Mysterious black metal horde Misotheist bring virulent rage, atmosphere on self-titled opus

So many people living in this world have their hearts, minds, and faiths tied to a god figure. Many people are brought up from birth to believe in a god that has created the world, one that is full of good and love for all mankind and who only has our best interests at heart. If that’s the case, why do we have famine, war, disease, natural disasters? Doesn’t that level of suffering make a god seem rather foul?

There are those who hold true to that thinking—and it makes a lot of sense balancing what we’re taught vs. what’s in our senses when examining all the evil in the world—and that leads some to not only lose faith in god or gods but top hate them outright. Nordic black metal band Misotheist took on the name of people who exercise outright hatred toward the gods, and their first release (at least we think so, as there is just about no information about them out there), a self-titled affair, pays off the fury and rage one could feel toward a higher power. The band is not forthright with identities, past accomplishments or bands, or even their own personal feelings about their feelings toward the gods, so we’re left to wonder. What we do know is this three-track, 33-plus-minute opus swims in chaos and dissonance, weaving you in and out of the flames and creaking caverns that make up the mental space they operate, keeping the journey dangerous but challenging.

Opener “Carriers of Captivity” is the shortest song on the record, and it’s 10:18 long. Noise hovers before the song bursts, and mind-bending playing is launched and brings confusion. Atmosphere arrives, while the song storms heavily, as the growls crush, and then we meander into bizarre territory. Growls swarm while the song disorients, and then the track tears open again, with the pace erupting, guitars spilling blood and charging forward, and the growls rumbling before an elegant sheen is applied, and the track bleeds out in a fury.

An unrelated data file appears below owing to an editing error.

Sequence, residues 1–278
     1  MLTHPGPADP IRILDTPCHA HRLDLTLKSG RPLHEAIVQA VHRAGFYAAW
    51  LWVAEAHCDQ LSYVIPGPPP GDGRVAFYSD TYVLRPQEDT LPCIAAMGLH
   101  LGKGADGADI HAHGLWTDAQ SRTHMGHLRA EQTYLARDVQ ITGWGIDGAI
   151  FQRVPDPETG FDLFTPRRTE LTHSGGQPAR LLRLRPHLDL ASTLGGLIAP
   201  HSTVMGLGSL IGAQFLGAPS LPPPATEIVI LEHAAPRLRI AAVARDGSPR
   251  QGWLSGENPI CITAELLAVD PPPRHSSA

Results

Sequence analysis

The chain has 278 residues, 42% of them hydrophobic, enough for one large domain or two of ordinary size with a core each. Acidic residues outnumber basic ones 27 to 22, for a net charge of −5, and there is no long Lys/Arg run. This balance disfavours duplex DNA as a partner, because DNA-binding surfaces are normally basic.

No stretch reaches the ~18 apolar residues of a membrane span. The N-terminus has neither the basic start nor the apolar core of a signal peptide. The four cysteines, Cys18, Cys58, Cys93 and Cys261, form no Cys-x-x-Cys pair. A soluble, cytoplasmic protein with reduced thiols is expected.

“Breast and Soil” runs 11:06, and it starts with an eerie Middle Ages vibe before the track lets loose and crushes bones. The riffs swirls while the vocals punish, bringing a thunderous, sweltering assault, dragging you exposed over crags and crevices, with your skin aching and bleeding. Riffs spit blood before the mood turns somber, spreading its cloud cover before the top is torn off, melodies bubble, and the track blazes to a finish. “Blood of Rats” is the 12-minute closer that’s shadowy and sorrowful at the start, with guitars stinging and the growls feeling raw. Guitars cut into the flesh dramatically, as the growls turn into a hiss, before the track goes hypnotic. Growls slithers, the riffs encircle, and the song becomes fast and numbing, splattering over a several-minute stretch that’s hellish and adventurous. The band then turns on the jets, stampedes forcefully, and drive the track to its burnout finish.

Misotheist make you wonder about their hatred and violent tendencies toward the gods, but the music on their self-titled debut really doesn’t shows its hand explicitly, leaving you to work your way through the darkness. The music is fiery and devastating, but it’s also wondrous in spots and pushes your mind creatively. There’s no way of knowing the band’s true intent, so all we have left is a record of spellbinding black metal in which to immerse ourselves.

To buy the album, go here:

For more on the label, go here: